Environmental issues have a high priority among Budapest's politics. Institutions such as the Regional Environmental Center for Central and Eastern Europe, located in Budapest, are very important assets. To decrease the use of cars and greenhouse gas emissions, the city has worked to improve public transportation, and nowadays the city has one of the highest mass transit usage in Europe. Budapest has one of the best public transport systems in Europe with an efficient network of buses, trolleys, trams and subway. Budapest has an above-average proportion of people commuting on public transport or walking and cycling for European cities. Riding on bike paths is one of the best ways to see Budapest – there are currently about 180 kilometres (110 miles) of bicycle paths in the city, fitting into the EuroVelo system.
Crime in Budapest investigated by different bodies. United Nations Office on Drugs and Crime notes in their 2011 Global Study on Homicide that, according to criminal justice sources, the homicide rate in Hungary, calculated based on UN population estimates, was 1.4 in 2009, compared to Canada's rate of 1.8 that same year. The homicide rate in Budapest is below the EU capital cities' average according to WHO also. However, the organised crime is associated with the city, the Institute of Defence in a UN study named Budapest as the "global epicentres" of illegal pornography, money laundering and contraband tobacco, and also the negotiation center for international crime group leaders.
Current composition of the 33 seats in the General Assembly
|Fidesz – Hungarian Civic Union||19 seats + Mayor of Budapest (60.6%)|
|Hungarian Socialist Party||6 seats (15.2%)|
|Together 2014||2 seats (6.1%)|
|Democratic Coalition||2 seats (6.1%)|
|Politics Can Be Different||1 seats (3.0%)|
|Jobbik||1 seats (3.0%)|
|Independent||1 seats (3.0%)|
Budapest has been a metropolitan municipality with a mayor-council form of government since its consolidation in 1873, but Budapest also holds a special status as a county-level government, and also special within that, as holds a capital-city territory status. In Budapest, the central government is responsible for the urban planning, statutory planning, public transport, housing, waste management, municipal taxes, correctional institutions, libraries, public safety, recreational facilities, among others. The Mayor is responsible for all city services, police and fire protection, enforcement of all city and state laws within the city, and administration of public property and most public agencies. Besides, each of Budapest' twenty-three districts has its own town hall and a directly elected council and the directly elected mayor of district.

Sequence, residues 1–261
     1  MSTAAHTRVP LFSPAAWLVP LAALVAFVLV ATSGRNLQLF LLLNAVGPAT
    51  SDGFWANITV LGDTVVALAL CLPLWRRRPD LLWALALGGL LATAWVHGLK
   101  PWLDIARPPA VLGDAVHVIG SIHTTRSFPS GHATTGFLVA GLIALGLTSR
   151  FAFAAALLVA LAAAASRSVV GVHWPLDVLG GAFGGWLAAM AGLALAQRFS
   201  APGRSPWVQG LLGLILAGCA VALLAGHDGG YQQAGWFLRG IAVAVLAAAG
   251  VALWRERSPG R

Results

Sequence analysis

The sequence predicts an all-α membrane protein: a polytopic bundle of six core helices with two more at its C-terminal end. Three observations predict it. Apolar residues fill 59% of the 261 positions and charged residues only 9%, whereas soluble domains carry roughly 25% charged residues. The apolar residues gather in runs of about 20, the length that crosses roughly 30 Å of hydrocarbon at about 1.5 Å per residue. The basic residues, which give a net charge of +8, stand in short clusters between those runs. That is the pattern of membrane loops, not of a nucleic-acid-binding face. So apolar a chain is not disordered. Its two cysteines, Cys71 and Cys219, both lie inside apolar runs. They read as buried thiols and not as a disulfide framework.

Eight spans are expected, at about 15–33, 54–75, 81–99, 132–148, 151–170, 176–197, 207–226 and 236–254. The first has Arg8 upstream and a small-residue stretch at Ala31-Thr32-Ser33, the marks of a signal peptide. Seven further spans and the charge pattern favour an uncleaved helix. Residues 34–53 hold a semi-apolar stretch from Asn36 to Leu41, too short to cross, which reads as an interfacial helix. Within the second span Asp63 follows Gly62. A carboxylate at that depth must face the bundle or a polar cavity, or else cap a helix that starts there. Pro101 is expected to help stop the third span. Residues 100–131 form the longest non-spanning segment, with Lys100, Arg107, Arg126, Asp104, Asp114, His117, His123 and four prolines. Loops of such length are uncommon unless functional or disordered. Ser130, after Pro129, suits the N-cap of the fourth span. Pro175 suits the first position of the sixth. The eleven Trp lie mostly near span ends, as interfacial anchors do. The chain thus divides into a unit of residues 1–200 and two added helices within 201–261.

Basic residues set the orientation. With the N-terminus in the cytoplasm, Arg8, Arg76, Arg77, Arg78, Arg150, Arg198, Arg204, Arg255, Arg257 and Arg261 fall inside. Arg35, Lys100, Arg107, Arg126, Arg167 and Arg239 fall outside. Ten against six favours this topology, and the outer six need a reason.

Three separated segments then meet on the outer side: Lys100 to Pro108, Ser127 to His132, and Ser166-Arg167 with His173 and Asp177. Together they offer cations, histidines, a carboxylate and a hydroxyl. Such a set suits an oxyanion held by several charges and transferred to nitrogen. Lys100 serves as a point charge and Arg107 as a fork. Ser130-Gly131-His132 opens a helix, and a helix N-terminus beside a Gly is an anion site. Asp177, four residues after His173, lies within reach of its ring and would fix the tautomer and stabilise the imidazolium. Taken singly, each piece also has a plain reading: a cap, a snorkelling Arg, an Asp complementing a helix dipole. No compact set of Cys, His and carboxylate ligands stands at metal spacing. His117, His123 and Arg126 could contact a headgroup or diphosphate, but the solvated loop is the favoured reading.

István Tarlós, the current Mayor was re-elected mayor for another 5-year term on the 2014 local elections, he received 49.06% of the votes. He is an independent (but supported by Fidesz) who assumed the office first on 3 October 2010. The composition of the 33 seats in the Budapest General Assembly after the 2014 elections is in the table. The mayor and members of General Assembly are elected to five-year terms.
The Budapest General Assembly is a unicameral body consisting of 33 members, which consist of the 23 mayors of the districts, 9 from the electoral lists of political parties, plus Mayor of Budapest (the Mayor is elected directly). Each term for the mayor and assembly members lasts five years. Submitting the budget of Budapest is the responsibility of the Mayor and the deputy-mayor in charge of finance. The latest, 2014 budget was approved with 18 supporting votes from ruling Fidesz and 14 votes against by the opposition lawmakers.
Main sights and tourism
The neo-Gothic Parliament, the biggest building in Hungary with its 268 metres (879 ft) length, containing amongst other things the Hungarian Crown Jewels. Saint Stephen's Basilica, where the Holy Right Hand of the founder of Hungary, King Saint Stephen is on display. The Hungarian cuisine and café culture: for example, Gerbeaud Café, and the Százéves, Biarritz, Fortuna, Alabárdos, Arany Szarvas, Kárpátia and the world-famous Mátyás Pince Restaurants. There are Roman remains at the Aquincum Museum, and historic furniture at the Nagytétény Castle Museum, just 2 out of 223 museums in Budapest. Another historical museum is the House of Terror, hosted in the building that was the venue of the Nazi Headquarters. The Castle Hill, the River Danube embankments and the whole of Andrássy út have been officially recognized as UNESCO World Heritage Sites.